Monday, December 20, 2010

Can too good development infrastructure spoil you?

At qCon San Francisco, Asish Kumar, head of development infrastructure at Google, gave a talk titled "Development at the Speed and Scale of Google". While I wasn't at qCon San Francisco, InfoQ has posted the video and slides, which I've just watched. First of all, stop what you're doing and watch the presentation if you're interested in development/build-and-test/SCM infrastructure. Stop now. This post will wait for you.

I originally wanted to write an article about how the talk shows just how much great developer infrastructure technologies can improve performance, and why every firm and team should be devoting significant resources to improving the infrastructure provided to developers. Heck, that's why OpenGamma's systems administrator spends most of his time working on our development infrastructure.

However, then as I kept watching the video, the more I saw a potential downside to this, particularly at Google scale: virtually everything you're using is bespoke. That has a number of potential issues:

  • Developers who may be quite familiar with "industry standard" development technologies will take time to come up to speed. While if you're focusing primarily on relatively long duration hires (on the order of years) this doesn't really matter that much, but many industries (for example, Finance, with its strong reliance on short-term contractors) have to factor staff churn in.
  • Unlike with most other development tools (which are dominated by Open Source technologies in the particular types of development Google does), once you start aggressively building a bespoke infrastructure you have to keep going down the bespoke route: you've effectively locked yourself into a path where you have to throw more and more resources at building your bespoke infrastructure to keep up with the state of the art.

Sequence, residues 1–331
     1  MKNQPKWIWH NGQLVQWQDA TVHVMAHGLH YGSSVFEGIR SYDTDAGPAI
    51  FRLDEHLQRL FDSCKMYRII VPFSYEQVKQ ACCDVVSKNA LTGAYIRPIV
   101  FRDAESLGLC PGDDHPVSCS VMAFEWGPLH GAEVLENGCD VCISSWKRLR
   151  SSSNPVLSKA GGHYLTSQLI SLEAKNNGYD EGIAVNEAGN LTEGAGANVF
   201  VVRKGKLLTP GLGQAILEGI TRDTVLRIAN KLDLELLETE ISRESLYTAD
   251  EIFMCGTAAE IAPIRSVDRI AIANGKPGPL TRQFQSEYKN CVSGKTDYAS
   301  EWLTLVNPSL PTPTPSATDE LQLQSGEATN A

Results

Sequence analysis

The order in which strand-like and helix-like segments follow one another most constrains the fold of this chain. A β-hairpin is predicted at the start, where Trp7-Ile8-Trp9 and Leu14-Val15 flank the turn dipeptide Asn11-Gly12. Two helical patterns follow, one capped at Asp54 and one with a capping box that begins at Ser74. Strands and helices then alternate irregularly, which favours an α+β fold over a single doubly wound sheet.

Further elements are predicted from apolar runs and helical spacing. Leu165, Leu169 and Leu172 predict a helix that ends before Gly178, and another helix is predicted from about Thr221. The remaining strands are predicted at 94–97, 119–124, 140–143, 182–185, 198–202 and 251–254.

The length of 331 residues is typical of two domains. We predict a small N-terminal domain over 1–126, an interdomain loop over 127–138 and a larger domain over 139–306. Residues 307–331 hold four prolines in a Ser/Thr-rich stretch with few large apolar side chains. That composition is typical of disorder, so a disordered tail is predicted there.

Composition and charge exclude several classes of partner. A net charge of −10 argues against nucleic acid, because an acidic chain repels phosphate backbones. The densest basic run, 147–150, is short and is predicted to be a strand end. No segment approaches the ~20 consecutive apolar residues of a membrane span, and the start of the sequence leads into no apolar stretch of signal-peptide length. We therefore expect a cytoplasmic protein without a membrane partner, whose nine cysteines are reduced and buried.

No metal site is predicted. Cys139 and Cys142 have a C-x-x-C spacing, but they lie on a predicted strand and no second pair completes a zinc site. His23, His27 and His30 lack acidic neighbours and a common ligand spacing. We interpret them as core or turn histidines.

In general, for Google, I think they broadly made the right choice to go bespoke in their tool chain. They want to leverage their own (highly proprietary) production infrastructure where possible, in probably most cases they're operating at a scale that no other tool chain would be capable of handling, and (Facebook poaching notwithstanding) they focus primarily on longer-term hiring.

But what about the developers themselves? My only worry about this type of thing from a longer term career development perspective is that, quite frankly, you get lazy in managing your own development infrastructure.

Let's say that you join Google, and spend a few years working very productively using their fantastic development infrastructure. And then you want to join a much smaller firm (which may or may not be your own startup). What then?

  • Could you even setup a makefile/ant script/maven setup yourself anymore? How long would it take you to relearn it?
  • Are you really going to have a good knowledge of what the current state of the art is in generic development infrastructure and build tools? After all, at New Gig you won't have the Google team backing you up.
  • Are you going to be perpetually frustrated in a role where you don't have a team working on your infrastructure for you?
  • Are you going to start designing systems where the build and test burden would be more than manageable with the infrastructure at Google, but where the lack of that infrastructure means that you might have been better off designing the system in a radically different way?

Note that I'm not actually saying that this is a bad thing, but I think if you find yourself as a developer in an environment where you have a large, well-skilled team taking care of stuff for you (whether that team is systems administration, operations, development infrastructure, whatever), you owe it to yourself to keep up to date with the state of the art in all the things in between writing your code, and your production environment, that other people currently do for you.

Otherwise, when you finally do get to a role where you no longer have those teams to work for you (or you have to figure out if they actually know what they're doing), you're not hamstrung by your background.

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